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Video game giant Activision Blizzard, Inc. (NASDAQ: ATVI) reports earnings after the market closes on Thursday, Nov. 3, and investors will get another peek into how the business is growing after the acquisition of King Digital.
As you can see below, Activision Blizzard's stock has been on a tear lately and is near an all-time high:
Here's what to look for in the earnings report to keep the momentum going.
Activision Blizzard outlook: The raw numbers
The first thing to measure results against is Activision Blizzard's own guidance. Below I've outlined the key metrics from the company's financial outlook during the second quarter 2016 earnings presentation.
Data source: Activision Blizzard Q2 2016 earnings presentation.
This table only shows the non-GAAP numbers, which are usually what Wall Street compares against and adjusts for deferred revenue in some games. GAAP revenue expectations are the same, but third-quarter and full-year EPS are expected to be $0.06 and $0.87, respectively. And while the quarterly numbers are important, so are trends in key gaming segments.
What to watch for this quarter
There are a few key metrics that Activision discloses each quarter, and investors will want to watch for improvement in the underlying business.
The first is monthly active users, which last quarter was 49 million at Activision, 33 million at Blizzard, and 409 million at King Digital. User growth has been tremendous for each business lately, and if all three are trending higher, it would be great news for the business.
Another key metric is engagement. Activision has the ability to reach a lot of gamers, but if they aren't engaged, they'll be less likely to spend money on recurring-revenue items that are now built into a lot of games. In the second quarter, nearly 10 billion hours were spent playing the company's games, including 500 million hours in Overwatch. And while King Digital doesn't break out complete user stats, look for positive trends like rising time spent per monthly active users.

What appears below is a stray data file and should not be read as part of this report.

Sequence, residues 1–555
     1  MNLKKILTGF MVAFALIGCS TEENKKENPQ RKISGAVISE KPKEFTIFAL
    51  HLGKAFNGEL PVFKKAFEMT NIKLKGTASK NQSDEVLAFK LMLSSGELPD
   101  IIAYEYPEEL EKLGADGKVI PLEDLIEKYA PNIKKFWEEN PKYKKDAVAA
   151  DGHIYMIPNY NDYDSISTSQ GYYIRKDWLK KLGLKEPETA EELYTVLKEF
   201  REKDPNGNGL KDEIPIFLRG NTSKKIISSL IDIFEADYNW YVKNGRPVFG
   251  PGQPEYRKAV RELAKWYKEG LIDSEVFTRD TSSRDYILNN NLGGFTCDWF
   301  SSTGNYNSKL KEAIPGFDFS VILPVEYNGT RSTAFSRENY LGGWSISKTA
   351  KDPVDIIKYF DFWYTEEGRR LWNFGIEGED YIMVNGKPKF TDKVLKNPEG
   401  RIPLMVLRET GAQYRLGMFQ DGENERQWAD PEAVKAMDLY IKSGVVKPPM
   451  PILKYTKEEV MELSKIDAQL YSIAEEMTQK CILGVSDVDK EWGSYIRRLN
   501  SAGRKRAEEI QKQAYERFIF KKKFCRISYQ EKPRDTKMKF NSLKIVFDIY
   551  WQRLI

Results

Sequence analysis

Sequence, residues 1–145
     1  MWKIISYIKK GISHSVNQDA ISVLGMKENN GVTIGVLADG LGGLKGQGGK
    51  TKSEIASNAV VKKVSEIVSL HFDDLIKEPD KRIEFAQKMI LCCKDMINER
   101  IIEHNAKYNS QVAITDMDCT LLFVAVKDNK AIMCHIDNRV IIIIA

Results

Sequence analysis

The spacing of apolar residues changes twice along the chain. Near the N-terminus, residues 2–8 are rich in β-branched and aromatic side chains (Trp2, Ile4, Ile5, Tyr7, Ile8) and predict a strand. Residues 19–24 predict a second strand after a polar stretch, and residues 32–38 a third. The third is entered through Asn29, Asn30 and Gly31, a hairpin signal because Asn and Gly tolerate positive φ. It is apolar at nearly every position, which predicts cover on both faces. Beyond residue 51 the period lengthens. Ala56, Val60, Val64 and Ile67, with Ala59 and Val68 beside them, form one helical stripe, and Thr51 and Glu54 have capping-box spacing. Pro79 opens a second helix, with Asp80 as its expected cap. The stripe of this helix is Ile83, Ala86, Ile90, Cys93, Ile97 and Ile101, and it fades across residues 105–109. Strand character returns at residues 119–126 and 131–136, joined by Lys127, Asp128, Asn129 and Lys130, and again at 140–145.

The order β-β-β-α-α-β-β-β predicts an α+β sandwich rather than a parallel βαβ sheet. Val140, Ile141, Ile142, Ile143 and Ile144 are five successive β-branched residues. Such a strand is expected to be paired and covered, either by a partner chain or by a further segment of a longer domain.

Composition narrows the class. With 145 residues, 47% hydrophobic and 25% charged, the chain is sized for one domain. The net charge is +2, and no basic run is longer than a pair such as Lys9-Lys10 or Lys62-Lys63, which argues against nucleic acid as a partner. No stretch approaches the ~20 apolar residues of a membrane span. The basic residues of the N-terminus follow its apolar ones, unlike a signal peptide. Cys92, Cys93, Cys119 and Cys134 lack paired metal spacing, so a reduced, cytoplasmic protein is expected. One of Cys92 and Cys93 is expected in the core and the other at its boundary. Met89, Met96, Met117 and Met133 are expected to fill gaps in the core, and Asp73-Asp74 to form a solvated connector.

The final key is e-sports. E-sports is a relatively new concept in gaming, but it's really key for Activision Blizzard going forward. The company bought Major League Gaming earlier this year and it recently held the Call of Duty World League Championship, handing out $2 million in prizes overall. Look for management to give updates on e-sports engagement, including likely exceeding Stage 1's 33 million views.If e-sports can become a stable business for Activision Blizzard, it will drive monthly active users, engagement, and revenue higher, so this is a segment investors shouldn't overlook, even if they've never watched gaming as a sport before.
Building on a gaming giant
The chart above shows that Activision Blizzard has been a big winner for investors over the past few years, and the company is still in early stages of unlocking its value. Gaming companies are just starting to figure out how to monetize the digital game business. Advertising will become a growing component of revenue, and e-sports are still in their infancy. With some of the best content in the industry, Activision Blizzard is well positioned to grow its top and bottom lines consistently for years into the future. A strong quarter would be a sign that the strategy continues to pay off.
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Travis Hoium has no position in any stocks mentioned. The Motley Fool owns shares of and recommends Activision Blizzard. Try any of our Foolish newsletter services free for 30 days. We Fools may not all hold the same opinions, but we all believe that considering a diverse range of insights makes us better investors. The Motley Fool has a disclosure policy.